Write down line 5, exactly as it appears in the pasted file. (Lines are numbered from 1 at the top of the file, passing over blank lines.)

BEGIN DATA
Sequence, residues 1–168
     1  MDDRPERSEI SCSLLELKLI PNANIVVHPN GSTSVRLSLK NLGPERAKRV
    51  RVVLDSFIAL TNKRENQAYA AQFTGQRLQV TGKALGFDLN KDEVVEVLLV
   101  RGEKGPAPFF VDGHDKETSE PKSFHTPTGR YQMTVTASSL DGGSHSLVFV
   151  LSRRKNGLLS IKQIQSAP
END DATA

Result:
   151  LSRRKNGLLS IKQIQSAP